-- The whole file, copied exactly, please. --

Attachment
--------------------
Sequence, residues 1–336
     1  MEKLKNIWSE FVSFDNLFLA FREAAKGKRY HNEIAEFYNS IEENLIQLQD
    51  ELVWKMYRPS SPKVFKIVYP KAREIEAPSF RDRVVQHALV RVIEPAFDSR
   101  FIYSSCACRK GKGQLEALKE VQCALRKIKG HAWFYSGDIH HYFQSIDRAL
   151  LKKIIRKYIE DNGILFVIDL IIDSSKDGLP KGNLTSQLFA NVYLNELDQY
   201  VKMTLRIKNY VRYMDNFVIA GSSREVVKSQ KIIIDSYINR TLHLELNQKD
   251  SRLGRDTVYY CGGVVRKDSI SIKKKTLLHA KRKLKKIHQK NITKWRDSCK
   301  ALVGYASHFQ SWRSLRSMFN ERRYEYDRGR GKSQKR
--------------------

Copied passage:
Sequence, residues 1–336
     1  MEKLKNIWSE FVSFDNLFLA FREAAKGKRY HNEIAEFYNS IEENLIQLQD
    51  ELVWKMYRPS SPKVFKIVYP KAREIEAPSF RDRVVQHALV RVIEPAFDSR
   101  FIYSSCACRK GKGQLEALKE VQCALRKIKG HAWFYSGDIH HYFQSIDRAL
   151  LKKIIRKYIE DNGILFVIDL IIDSSKDGLP KGNLTSQLFA NVYLNELDQY
   201  VKMTLRIKNY VRYMDNFVIA GSSREVVKSQ KIIIDSYINR TLHLELNQKD
   251  SRLGRDTVYY CGGVVRKDSI SIKKKTLLHA KRKLKKIHQK NITKWRDSCK
   301  ALVGYASHFQ SWRSLRSMFN ERRYEYDRGR GKSQKR